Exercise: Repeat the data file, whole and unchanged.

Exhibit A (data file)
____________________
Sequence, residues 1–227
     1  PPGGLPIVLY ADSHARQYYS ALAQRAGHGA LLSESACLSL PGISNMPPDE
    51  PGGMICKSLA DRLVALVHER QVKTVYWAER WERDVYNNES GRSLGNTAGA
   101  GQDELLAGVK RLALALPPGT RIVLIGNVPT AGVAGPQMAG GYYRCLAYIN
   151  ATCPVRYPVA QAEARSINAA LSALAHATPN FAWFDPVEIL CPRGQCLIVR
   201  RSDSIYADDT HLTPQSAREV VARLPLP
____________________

Sequence, residues 1–227
     1  PPGGLPIVLY ADSHARQYYS ALAQRAGHGA LLSESACLSL PGISNMPPDE
    51  PGGMICKSLA DRLVALVHER QVKTVYWAER WERDVYNNES GRSLGNTAGA
   101  GQDELLAGVK RLALALPPGT RIVLIGNVPT AGVAGPQMAG GYYRCLAYIN
   151  ATCPVRYPVA QAEARSINAA LSALAHATPN FAWFDPVEIL CPRGQCLIVR
   201  RSDSIYADDT HLTPQSAREV VARLPLP